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If this document is packed with errors, you may receive an income tax notice

The Annual Information Statement was introduced by the Income Tax Department in 2021. (AIS). The AIS is a detailed statement that contains information about all of your financial transactions within a fiscal year (FY). It comprises the information required by the Income-tax Act of 1961.

Individual taxpayers must ensure that the income information on their income tax return (ITR) form corresponds to the information on the AIS. If there is a discrepancy, the income tax department may send you a tax notice.

Individual taxpayers must ensure that the income information on their income tax return (ITR) form corresponds to the information on the AIS. If there is a discrepancy, the income tax department may send you a tax notice.

Assume you neglected to download and verify the information in your AIS while completing your income tax return this year. Assume there is an inaccuracy in the AIS that you have not corrected, such as interest received from a bank account that was closed two years ago. You will not earn interest because the bank account has already been closed. However, your AIS shows that you received income from that bank account throughout the fiscal year, which you did not mention in your ITR form. The tax agency will issue you an income tax notice with a demand for extra tax.

What are the ramifications of such mistakes, does the taxpayer have to pay a penalty for not verifying AIS before filing ITR? ET Wealth chatted with experts, and here’s what they had to say about the disparity between one’s ITR and AIS.

Shashi Mathews, Induslaw Partner: According to the income tax department, the taxpayer must verify that the information in the AIS is correct, and any changes should be reported to the tax department. While there is no penalty for failing to submit mistakes in AIS, the taxpayer should ensure that the return filing is complete with all exact and correct facts, regardless of whether errors have been notified to the Department. If there is a discrepancy, for example, AIS displays a certain income but it is not disclosed in the ITR, the income tax department may request an explanation. The taxpayer does not need to be concerned if returns are filed with genuine and proper information.

Executive Partner S Vasudevan of Lakshmikumaran & Sridharan Attorneys: Taxpayers would not be penalized for failing to repair inaccuracies in AIS prior to completing their tax returns. These inaccuracies, however, may result in an adjustment notification from the Centralized Processing Centre while the return is being processed, or inquiries from the Assessing Officer throughout the assessment/reassessment process. As a result, it is recommended that taxpayers study AIS and provide input for quick repair. It should also be noted that if the TDS/TCS/tax payment details displayed in Form 26AS on the TRACES portal differ from the TDS/TCS/tax payment details displayed in AIS on Compliance Portal, taxpayers can rely on the information displayed on the TRACES portal for the purpose of filing tax returns and other tax compliance.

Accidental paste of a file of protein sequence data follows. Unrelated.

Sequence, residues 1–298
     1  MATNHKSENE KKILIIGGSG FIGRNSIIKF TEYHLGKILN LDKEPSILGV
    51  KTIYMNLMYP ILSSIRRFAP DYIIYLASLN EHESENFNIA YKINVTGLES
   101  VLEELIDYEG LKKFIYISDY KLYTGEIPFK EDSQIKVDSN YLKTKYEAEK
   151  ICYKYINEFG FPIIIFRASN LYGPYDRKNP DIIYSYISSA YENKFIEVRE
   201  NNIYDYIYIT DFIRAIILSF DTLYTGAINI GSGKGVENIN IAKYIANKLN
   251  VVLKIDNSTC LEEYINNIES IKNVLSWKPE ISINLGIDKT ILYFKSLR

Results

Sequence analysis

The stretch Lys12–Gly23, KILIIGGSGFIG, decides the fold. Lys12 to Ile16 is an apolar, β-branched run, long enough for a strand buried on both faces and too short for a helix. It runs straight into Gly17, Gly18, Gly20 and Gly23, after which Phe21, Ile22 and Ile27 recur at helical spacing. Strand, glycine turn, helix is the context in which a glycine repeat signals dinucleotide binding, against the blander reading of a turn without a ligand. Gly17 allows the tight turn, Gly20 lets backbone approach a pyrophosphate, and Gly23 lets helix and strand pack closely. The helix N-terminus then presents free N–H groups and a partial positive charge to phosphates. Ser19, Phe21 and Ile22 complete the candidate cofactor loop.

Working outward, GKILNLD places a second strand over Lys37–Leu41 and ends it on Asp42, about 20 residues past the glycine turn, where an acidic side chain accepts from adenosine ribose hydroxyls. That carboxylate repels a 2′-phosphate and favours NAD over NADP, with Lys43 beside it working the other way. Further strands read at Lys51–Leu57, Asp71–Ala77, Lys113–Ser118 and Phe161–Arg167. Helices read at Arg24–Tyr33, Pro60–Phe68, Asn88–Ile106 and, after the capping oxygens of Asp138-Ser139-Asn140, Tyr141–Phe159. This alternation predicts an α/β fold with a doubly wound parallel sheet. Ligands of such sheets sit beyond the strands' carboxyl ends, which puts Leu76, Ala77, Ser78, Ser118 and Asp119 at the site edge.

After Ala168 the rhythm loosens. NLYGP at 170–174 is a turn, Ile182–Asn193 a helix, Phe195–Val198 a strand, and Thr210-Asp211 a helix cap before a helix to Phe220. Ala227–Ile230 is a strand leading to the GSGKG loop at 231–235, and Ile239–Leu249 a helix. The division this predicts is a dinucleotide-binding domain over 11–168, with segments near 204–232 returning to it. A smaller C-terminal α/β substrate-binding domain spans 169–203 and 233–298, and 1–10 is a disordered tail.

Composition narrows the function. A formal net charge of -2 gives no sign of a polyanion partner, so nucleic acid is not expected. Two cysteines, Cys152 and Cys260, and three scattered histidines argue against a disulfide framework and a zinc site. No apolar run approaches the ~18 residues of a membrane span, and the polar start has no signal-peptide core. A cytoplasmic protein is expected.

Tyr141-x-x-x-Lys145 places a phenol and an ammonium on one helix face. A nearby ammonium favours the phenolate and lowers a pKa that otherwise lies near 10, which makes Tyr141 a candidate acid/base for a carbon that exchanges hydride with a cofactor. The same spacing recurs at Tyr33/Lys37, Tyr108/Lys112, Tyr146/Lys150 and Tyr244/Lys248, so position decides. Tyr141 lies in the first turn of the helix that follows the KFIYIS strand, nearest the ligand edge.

Mitesh Jain, Economic Laws Practice Partner: The taxpayer should not be penalized for failing to offer comments before submitting his income tax return. However, if there is a disagreement between the information reflected in AIS and the return submitted by the taxpayer, the tax authorities may send a notification to the taxpayer to further investigate such transaction/discrepancy.

What exactly is an Annual Information Statement (AIS)?

The income tax agency will introduce AIS in November 2021. It is essentially an expansion of the Form 26AS that was previously released. While Form 26AS will continue to be used for the time being, AIS has more extensive information and data from more sources.

The AIS reveals specific information relevant to the taxpayer (such as interest income, dividend income, securities transactions, mutual fund transactions, overseas remittance information, etc). (such as interest income, dividend income, securities transactions, mutual fund transactions, foreign remittance information, etc.).

When AIS was first introduced, the income tax authorities allowed taxpayers to make comments if they believed the information was erroneous.

This feedback provision is merely an option offered to the taxpayer to rectify/correct any inconsistency in information, and no responsibility has been placed on the taxpayer to submit the feedback/correct the discrepancy before submitting the return. Furthermore, neither the IT Act nor the IT Rules provide any penalties for failing to provide such input.

To be safe, if there is any discrepancy, the taxpayer should always notify the tax department via the online feature. There is no time restriction for reporting inconsistencies, though.

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